You shared some of Ushahidi Liberia’s crowdsourced data on 2011 electoral violence with caveats. These caveats included potential for citizens to over- or underreport violence, the low Internet penetration in Liberia, and the lack of cellphone infrastructure outside the capital city of Monrovia.

As cellphone coverage and Internet accessibility continues to grow on the continent, what potential do you see in using future Ushahidi data for scholars and students studying election irregularities and electoral violence?

SB: Honestly, the potential is limitless, and the innovative work that groups such as Ushahidi are doing is invaluable. But, unfortunately, less-than-democratic governments have also discovered this dissent channel and are working to frustrate efforts at crowdsourced reporting on elections.

Just within the past six months, Uganda, Ethiopia, Congo-Brazzaville and Chad have all imposed social media blackouts during elections, under the guise of national security. Even Ghana, arguably one of the more mature democracies in Africa, recently floated the idea of shutting down social media during its upcoming December 2016 elections to prevent the promulgation of hate speech and dampen the potential for violent mobilization.

As long as governments have and are willing to exercise control over information and communications technology in this manner, researchers will have to continue to take extra care to ensure that any data they analyze is representative, reliable and externally valid.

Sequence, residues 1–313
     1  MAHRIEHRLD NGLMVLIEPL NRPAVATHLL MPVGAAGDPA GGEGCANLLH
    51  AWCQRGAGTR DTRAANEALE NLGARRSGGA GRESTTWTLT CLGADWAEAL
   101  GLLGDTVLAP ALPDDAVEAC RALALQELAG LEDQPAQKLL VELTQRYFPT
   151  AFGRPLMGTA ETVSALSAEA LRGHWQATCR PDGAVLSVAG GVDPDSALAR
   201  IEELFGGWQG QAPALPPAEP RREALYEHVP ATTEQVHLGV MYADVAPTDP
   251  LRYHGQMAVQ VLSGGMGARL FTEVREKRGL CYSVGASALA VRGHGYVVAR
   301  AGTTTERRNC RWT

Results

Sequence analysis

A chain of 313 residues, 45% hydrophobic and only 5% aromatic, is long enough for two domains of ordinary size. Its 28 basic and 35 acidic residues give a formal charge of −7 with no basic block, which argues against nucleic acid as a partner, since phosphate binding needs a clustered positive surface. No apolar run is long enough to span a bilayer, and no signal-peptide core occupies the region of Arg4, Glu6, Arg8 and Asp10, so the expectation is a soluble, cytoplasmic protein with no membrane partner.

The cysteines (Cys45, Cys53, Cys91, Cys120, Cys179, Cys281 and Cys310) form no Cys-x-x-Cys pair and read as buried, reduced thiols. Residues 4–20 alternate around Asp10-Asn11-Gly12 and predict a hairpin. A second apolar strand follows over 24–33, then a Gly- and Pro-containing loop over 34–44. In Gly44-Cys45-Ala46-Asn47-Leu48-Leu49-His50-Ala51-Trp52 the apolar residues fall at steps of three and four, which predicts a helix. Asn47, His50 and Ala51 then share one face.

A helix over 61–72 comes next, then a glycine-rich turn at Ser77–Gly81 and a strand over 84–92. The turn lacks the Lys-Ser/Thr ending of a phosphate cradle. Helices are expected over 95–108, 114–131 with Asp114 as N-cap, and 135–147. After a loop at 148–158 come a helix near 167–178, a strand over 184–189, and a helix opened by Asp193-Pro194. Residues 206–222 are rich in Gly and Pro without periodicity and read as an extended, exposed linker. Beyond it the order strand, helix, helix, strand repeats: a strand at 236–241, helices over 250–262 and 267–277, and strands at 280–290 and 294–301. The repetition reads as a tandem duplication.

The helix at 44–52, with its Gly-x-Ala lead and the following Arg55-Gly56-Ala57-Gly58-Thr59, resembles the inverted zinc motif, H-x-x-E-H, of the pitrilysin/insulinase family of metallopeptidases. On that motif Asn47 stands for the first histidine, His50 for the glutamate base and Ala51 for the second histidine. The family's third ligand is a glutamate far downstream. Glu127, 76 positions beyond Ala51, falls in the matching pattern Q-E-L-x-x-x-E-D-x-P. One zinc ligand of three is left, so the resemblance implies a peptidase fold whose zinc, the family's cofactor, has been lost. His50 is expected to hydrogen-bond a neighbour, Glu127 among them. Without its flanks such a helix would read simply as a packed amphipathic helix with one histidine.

KYD: Finally, I think exploring the data you analyze might be of interest to some of our readers. Whether they accept the arguments you made or have ideas for other potential factors shaping election violence, they can look and see for themselves what the data say. Is there a website where people could download the data or analyze it online? Or related sites that you think readers would find interesting?

SB: I don’t have a website, but am preparing my data set to be housed online at the Harvard Dataverse. In the interim, I am more than happy to make my data available to anyone who would find it useful — people are welcome to contact me on Twitter. I am a big fan of transparency and replication. I’d love to see others use my data to continue furthering our understanding of the causes and consequences of electoral violence in Africa. Or anywhere for that matter (cough *United States* cough).

*Washington Post.Stephanie Burchard is a research staff member in the Africa Program at the Institute for Defense Analyses and occasionally teaches courses at Georgetown University and American University. You can follow her on Twitter at @smburchard.